Non-profit clothing company Krochet Kids visits DePaul
Published: Tuesday, May 15, 2012
Updated: Monday, August 27, 2012 16:08
Uganda – the impoverished landlocked African nation, which many people forget about, is suffering.
It was just ten short years ago Kohl, Travis and Stewart, three high school friends, set out on a mission to reach out to the global community and to “make a difference.”
“My older brother taught me to crochet when he came home from college. I was expecting to learn something really cool from him, but crochet?” said Kohl Crecelius.
Originally from Spokane, WA., the friends shared of love of snow sports. Crecelius inspired the idea to make ‘unique headwear’ for the slopes.
The idea caught on quickly. Soon, the headwear caught the attention of classmates and friends.
Even the local newspaper found the idea intriguing, dubbing them the ‘Krochet Kids’ which has stuck ever since.
As the college years progressed and the three friends went their separate ways, their ultimate goal for change in the world and service in developing countries never ceased exist.
It wasn’t until halfway through college the three, which had now expanded to a larger group of crocheters, applied for the status of a non-profit organization.
“Our hope from the very beginning was that we could start a program, really a model, that could be replicated in lots of different countries,” Crecelius said.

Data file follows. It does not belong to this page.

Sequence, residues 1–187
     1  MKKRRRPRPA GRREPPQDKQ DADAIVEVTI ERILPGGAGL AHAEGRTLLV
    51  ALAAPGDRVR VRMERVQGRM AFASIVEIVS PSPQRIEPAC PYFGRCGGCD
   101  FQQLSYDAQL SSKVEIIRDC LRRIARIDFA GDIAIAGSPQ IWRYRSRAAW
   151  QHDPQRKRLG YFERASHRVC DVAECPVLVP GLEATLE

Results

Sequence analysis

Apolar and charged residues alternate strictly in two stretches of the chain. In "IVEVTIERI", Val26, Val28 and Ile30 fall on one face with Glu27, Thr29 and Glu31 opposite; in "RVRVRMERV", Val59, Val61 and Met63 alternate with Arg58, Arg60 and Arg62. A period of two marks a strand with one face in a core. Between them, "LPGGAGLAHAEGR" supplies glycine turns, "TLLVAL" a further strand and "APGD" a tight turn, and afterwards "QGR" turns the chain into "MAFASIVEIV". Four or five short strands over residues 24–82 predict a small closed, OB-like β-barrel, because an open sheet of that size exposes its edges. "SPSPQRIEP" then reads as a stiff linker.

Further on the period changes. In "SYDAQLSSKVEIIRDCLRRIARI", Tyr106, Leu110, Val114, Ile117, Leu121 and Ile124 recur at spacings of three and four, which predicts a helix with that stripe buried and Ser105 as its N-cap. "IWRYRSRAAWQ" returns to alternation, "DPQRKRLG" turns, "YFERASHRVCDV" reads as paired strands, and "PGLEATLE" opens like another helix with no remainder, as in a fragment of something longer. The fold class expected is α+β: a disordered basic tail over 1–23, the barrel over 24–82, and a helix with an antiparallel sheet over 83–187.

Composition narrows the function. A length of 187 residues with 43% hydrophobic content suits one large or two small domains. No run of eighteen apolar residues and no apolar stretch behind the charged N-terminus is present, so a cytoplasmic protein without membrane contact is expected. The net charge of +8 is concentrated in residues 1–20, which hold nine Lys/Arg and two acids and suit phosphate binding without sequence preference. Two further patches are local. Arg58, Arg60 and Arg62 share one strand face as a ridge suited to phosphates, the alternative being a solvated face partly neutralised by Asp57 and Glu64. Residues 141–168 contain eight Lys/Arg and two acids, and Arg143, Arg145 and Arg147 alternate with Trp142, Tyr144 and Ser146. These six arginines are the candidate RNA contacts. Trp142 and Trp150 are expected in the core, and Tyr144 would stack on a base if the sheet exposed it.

One particular summer in college, Krochet Kids found themselves sitting in brick hut in the northern region of Uganda, teaching countless women how to do this really cool thing called “crocheting.”
“We want to work, we want to be the masters of our own destiny,” was the exact line the women of Uganda used, no longer wanting to receive charity and feel oppressed by the national government.
So Krochet Kids got “as much yarn as (we) could and stuffed in into tons of bags” to bring over to Uganda, as “(we) witnessed a miracle happen before our eyes.”
The women were not just good at crocheting, they were great at it.
What started as a silly hobby has now impacted the lives of over 150 women in Uganda, and now another 20 women in Peru. “Krochet Kids” officially became a non-profit in 2008 and are still working hard to “become ever better and reach out to more nations.”
The non-profit visited DePaul University on May 7, 2012. The organization, which is now headquartered nationally in Spokane, Seattle, and Orange County, attracted nearly 20 students to the hour-long presentation. The DePaul Activities Board made the event possible.
Krochet Kids CEO Kohl Crecelius believes the organization is a gift that will continue giving.
“I think the most rewarding thing for us has been seeing all of these things we can offer a woman in Uganda or Peru. Seeing them take them and run with them,” Crecelius said. “I would definitely see Krochet Kids being involved in a lot more countries. Creating a variety of different products continuing to build and grow what we offer to our retailers and our customers while at the same time impacting more and more communities.”